E.Y. affected generations I guess. There are generations that knew E.Y.or still know E.Y. or knew E.Y. as sheriff. That is the E.Y. people that you're going to, they expect you, they call me the little E.Y. They'll come down and say, 'Well you're the next little E.Y.' or 'God bless you.' To be sheriff of Madison county is just unbelievably great sometimes because I can walk into Carl's up here, restaurant and some little old lady will come over and just hug my neck and just say, 'God bless you. You're doing a good job.' I don't know them from Adam, and that'll make a glass eye cry. That's great. Then sometimes though I'll have them down here in the lobby, and they'll get in a knock down drag out and I'll be—I often tell the story that I feel like King Solomon and the two harlots. That one rolls over and smothers the child, and they come to me to decide who's going to get the live baby. He says, 'Well cut the child in half.' In Madison County half the people would say, 'Saw it up,' and they'd start fighting over who got the head or the feet. That wouldn't work in Madison County. You've got to even be slicker than that. But the sheriff settles a lot of things. But at the same time with E.Y., he never had to worry about luminol or blood splatter or DNA. Those were a different generation of law

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enforcement. He never had to deal with any of that, and I have to have the ability to understand that. I have to have persons capable of recognizing that and working with that and being able to work with the State Bureau of Investigation Crime Lab and these attorneys. It doesn't make any difference whether I keep up or not. The attorneys are. If I'm trying, if your child, son or daughter, uncle or cousin has been murdered, and I go over there, and I don't put on anything less than the best case possible, they're never going to forget that. I owe them that much. I am never going to allow myself or my personnel to go over and be made a fool of in the courtroom. I don't know about E.Y. E.Y. lost some cases. He won a lot of cases, but he began to change then from '86 to '98 in Madison County depended on who you talked to was really the dark ages in Madison County in law enforcement wise because they may not have kept up. They may not really have cared toward the end, and that's probably what got them beat. You've got to care. When you get down here and you get to the point where—. If I ever get to the point where I don't want to come to work, if I ever get to the point where I don't care about my personnel and the people of this county, I won't be here because if you're not part of the solution, you're part of the problem. I believe that. Maybe somebody young and all is what they need to carry them through and somebody else will be here. There will be another sheriff. Nobody stays forever. E.Y. tried. He stayed for thirty-two years though. The only thing that caught him was his age. If he'd have started, of course he probably did, he did start at my age. He was about thirty-two when he was elected his first term and he was sheriff at seventy. People will say, 'You're the next E.Y.' I don't want to be the next E.Y. Ponder. Stresses of this job now are so great that nobody can stand it more than twelve, sixteen years unless you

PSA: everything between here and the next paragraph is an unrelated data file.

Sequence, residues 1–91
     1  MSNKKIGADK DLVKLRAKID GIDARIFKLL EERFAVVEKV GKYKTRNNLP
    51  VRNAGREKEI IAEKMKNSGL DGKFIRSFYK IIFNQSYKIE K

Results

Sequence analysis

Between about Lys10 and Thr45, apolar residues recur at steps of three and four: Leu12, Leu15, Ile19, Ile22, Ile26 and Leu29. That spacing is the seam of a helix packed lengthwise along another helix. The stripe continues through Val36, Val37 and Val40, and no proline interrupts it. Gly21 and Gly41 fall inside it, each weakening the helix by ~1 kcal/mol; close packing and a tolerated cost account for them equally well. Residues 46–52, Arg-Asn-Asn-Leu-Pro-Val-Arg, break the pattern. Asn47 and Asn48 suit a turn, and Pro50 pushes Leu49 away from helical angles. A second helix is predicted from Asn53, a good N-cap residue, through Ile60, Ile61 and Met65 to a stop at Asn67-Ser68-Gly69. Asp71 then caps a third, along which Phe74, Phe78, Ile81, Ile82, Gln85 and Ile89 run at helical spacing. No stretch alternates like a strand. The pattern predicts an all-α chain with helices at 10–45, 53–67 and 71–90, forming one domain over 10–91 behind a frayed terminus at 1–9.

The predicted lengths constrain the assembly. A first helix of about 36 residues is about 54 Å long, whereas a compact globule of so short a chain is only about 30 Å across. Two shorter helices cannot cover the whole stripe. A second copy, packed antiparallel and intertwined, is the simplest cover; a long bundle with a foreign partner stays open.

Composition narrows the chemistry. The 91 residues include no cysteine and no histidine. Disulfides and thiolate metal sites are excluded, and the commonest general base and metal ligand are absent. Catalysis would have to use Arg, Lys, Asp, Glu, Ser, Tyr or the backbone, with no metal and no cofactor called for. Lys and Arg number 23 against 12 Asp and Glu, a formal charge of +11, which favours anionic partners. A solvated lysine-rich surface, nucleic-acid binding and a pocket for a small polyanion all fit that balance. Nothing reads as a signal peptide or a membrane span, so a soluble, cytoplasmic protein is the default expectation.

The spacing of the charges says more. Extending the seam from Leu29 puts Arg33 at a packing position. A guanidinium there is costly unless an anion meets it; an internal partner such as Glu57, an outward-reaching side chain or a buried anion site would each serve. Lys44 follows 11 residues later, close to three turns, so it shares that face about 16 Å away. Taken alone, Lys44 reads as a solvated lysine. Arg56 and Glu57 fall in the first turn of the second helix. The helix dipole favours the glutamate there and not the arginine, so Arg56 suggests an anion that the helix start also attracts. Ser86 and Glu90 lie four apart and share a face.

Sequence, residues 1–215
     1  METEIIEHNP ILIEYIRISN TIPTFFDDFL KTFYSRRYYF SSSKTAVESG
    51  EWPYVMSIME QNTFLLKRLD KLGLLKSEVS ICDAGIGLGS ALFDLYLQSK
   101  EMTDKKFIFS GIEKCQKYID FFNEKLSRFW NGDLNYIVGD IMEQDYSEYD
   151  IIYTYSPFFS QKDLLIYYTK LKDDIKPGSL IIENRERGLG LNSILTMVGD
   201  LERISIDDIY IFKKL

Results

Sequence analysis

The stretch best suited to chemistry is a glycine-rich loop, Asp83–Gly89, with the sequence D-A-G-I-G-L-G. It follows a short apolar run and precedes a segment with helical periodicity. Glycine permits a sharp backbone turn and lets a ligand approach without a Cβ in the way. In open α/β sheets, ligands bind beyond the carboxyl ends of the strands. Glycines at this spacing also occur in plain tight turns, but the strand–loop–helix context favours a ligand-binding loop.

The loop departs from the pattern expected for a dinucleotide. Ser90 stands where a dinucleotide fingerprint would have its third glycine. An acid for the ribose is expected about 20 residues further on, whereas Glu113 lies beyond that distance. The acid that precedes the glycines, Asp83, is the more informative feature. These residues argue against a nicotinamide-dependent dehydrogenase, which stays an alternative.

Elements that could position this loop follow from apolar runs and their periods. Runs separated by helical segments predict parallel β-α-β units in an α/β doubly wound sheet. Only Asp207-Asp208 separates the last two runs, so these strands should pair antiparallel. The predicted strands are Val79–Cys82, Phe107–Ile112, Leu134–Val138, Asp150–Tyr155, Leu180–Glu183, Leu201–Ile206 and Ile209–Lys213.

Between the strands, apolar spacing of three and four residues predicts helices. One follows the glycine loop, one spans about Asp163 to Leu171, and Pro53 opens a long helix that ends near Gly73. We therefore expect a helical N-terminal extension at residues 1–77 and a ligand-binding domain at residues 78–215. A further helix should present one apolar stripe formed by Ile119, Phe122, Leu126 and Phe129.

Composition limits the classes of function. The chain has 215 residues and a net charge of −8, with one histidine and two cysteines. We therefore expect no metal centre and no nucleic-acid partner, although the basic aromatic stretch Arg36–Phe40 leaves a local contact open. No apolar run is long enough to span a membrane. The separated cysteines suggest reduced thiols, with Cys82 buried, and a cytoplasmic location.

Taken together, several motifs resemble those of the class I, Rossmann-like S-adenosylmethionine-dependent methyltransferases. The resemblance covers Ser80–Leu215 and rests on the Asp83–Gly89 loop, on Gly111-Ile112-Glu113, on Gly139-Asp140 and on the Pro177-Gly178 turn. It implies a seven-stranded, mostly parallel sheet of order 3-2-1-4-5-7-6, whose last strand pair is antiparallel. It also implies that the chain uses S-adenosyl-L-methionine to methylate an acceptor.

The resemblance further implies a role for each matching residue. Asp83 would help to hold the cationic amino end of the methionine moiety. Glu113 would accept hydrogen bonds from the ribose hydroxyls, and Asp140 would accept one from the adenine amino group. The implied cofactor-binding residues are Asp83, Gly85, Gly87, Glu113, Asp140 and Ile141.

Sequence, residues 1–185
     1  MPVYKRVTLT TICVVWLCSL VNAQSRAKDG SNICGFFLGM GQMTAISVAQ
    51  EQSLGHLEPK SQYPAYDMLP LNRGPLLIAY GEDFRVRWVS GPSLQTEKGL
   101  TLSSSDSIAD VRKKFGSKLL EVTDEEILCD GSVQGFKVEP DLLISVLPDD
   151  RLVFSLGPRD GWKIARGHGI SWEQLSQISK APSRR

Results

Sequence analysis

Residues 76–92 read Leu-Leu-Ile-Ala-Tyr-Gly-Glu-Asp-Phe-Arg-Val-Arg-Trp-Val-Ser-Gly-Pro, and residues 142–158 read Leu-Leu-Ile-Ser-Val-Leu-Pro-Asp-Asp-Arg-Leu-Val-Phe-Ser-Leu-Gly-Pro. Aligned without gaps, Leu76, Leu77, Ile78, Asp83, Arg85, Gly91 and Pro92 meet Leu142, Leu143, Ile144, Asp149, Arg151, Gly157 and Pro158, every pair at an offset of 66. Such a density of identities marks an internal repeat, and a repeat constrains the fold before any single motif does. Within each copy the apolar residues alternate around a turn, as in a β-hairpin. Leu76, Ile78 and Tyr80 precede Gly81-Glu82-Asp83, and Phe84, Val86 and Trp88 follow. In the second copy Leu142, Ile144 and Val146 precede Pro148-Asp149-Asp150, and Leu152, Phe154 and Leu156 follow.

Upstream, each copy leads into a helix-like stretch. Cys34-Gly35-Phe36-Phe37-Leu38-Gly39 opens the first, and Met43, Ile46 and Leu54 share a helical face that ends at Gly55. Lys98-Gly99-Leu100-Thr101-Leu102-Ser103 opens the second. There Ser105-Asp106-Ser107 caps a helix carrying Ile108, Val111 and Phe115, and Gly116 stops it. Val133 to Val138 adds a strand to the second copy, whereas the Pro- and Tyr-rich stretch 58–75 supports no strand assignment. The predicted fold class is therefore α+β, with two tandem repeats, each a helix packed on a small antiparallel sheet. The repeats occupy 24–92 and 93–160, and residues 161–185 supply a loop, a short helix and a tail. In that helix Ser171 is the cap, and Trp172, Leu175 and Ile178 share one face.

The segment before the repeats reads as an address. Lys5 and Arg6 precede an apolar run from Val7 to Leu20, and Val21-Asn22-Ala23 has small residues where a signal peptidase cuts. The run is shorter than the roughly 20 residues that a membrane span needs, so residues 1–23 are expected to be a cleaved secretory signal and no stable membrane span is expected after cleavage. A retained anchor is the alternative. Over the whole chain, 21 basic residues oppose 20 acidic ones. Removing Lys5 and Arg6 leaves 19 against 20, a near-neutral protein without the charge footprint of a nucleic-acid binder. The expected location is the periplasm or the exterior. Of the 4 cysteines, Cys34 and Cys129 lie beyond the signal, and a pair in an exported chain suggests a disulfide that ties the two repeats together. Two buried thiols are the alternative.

Page 38
did—. It's an amazing amount of stress. There's more stress being sheriff. There's ten times the amount of stress being sheriff as there are being a deputy or an alcohol agent or SBI agent or anything. You've got twenty-some thousand people in this county, and you're everybody's sheriff, and they're all going to call and ask you.
ROB AMBERG:
That's right.
JOHN LEDFORD:
They're all going to call and ask you.
ROB AMBERG:
Sometimes it seems like they all call at once too.
JOHN LEDFORD: